spacious, the

Explanation:

This is an example of comma splice. The two clauses (separated here by a comma) are both independent clauses (each is a grammatically complete clause that could stand alone as a full sentence). If they are linked with a comma and no conjunction, as in this example, it is a comma splice. They should be linked with a comma and a conjunction, a period, or a semicolon.

Example Question #14 : Identifying Punctuation Errors: Comma Splices

Select the underlined word or phrase that needs to be changed to make the sentence correct. Some sentences contain no error at all.

It is nearly dawn, there is simply no way we will make it to Minnesota before noon. No error

Possible Answers:

simply

No error

dawn,

it is

noon.

Correct answer:

dawn,

Explanation:

There are several acceptable ways to separate independent clauses, but simply using a single comma by itself is not one of them. To do so is to make an error known as the comma splice. The sentence above contains such a splice, and it should be corrected. The options to make this correction would be to add a coordinating conjunction after the comma, replace the comma with a period, or replace the comma with a semicolon.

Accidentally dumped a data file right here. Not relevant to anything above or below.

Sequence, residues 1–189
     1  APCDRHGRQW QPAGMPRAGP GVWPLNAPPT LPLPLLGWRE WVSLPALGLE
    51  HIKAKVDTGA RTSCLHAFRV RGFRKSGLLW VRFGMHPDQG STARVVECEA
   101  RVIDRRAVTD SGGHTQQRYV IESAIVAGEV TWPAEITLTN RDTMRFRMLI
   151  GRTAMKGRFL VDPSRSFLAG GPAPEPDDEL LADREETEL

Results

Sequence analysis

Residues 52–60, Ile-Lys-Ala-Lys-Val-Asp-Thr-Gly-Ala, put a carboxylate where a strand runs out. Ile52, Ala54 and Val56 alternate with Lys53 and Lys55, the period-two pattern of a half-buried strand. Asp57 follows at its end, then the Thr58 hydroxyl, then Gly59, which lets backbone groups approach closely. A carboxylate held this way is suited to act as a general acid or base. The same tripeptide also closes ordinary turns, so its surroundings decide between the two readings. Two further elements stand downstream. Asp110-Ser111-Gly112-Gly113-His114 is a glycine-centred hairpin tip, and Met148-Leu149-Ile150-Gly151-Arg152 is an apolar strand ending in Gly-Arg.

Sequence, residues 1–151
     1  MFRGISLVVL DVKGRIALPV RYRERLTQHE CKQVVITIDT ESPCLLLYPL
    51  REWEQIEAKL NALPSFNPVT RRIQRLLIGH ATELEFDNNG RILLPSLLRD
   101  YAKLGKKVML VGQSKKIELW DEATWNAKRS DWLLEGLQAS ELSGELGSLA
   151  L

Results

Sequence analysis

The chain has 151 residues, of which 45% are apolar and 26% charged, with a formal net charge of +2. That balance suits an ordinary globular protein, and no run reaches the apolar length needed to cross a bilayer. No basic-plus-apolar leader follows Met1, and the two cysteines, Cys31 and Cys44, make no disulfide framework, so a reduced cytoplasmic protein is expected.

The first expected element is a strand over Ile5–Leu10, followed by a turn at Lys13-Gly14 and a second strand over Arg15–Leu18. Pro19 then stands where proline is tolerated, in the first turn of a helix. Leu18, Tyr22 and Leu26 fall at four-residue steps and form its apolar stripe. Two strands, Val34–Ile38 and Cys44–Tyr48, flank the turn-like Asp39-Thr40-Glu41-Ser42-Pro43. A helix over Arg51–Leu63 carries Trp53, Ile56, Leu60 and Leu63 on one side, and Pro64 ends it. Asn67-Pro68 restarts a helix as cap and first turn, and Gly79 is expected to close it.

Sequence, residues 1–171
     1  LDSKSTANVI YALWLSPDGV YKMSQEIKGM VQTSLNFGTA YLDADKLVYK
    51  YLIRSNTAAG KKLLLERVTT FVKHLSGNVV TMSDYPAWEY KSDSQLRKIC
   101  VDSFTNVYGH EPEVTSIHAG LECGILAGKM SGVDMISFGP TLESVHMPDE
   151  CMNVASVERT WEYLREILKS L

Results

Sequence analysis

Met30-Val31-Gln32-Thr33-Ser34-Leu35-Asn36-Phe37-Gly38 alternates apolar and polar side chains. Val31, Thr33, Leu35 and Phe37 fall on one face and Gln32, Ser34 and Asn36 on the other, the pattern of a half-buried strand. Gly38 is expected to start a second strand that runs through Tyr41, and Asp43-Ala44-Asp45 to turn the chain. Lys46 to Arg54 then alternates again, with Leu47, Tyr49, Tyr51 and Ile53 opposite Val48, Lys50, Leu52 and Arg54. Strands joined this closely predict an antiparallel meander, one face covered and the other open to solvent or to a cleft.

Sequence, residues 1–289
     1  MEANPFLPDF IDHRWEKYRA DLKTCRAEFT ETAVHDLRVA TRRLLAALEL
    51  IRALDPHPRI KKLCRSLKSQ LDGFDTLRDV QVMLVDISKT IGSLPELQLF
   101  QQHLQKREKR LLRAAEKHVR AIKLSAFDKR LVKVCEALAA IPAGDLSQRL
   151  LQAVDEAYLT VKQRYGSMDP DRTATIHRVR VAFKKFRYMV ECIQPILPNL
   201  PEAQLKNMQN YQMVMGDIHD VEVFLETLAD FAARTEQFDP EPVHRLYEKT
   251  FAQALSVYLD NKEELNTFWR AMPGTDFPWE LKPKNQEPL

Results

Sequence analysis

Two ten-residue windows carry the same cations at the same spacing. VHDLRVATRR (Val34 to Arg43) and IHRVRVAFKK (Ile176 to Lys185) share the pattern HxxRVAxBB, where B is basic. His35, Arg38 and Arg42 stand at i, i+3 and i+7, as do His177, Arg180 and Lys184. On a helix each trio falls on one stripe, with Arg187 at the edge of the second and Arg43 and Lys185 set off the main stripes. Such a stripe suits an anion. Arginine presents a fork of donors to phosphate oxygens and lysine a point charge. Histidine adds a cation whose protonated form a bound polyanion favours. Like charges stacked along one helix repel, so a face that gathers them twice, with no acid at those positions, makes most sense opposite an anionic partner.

Example Question #15 : Identifying Punctuation Errors: Comma Splices

Select the underlined word or phrase that needs to be changed to make the sentence correct. Some sentences contain no error at all.

The brilliant surgeon had steady hands, she was an incredible pool player in her youthNo error

Possible Answers:

hands,

No error

she

her youth

The brilliant surgeon

Correct answer:

hands,

Explanation:

There are several acceptable ways to separate independent clauses, but simply using a single comma by itself is not one of them. To do so creates an error known as the comma splice. The sentence above features a comma splice after "hands." The first clause, "the brilliant surgeon had steady hands," is a grammatically complete independent clause, as is the second clause, "she was an incredible pool player." The options for separating these two clauses are to place a period, a semicolon, or a coordinating conjunction and a comma between them. All three of these options are equally grammatically correct, whichever you choose is a matter of style.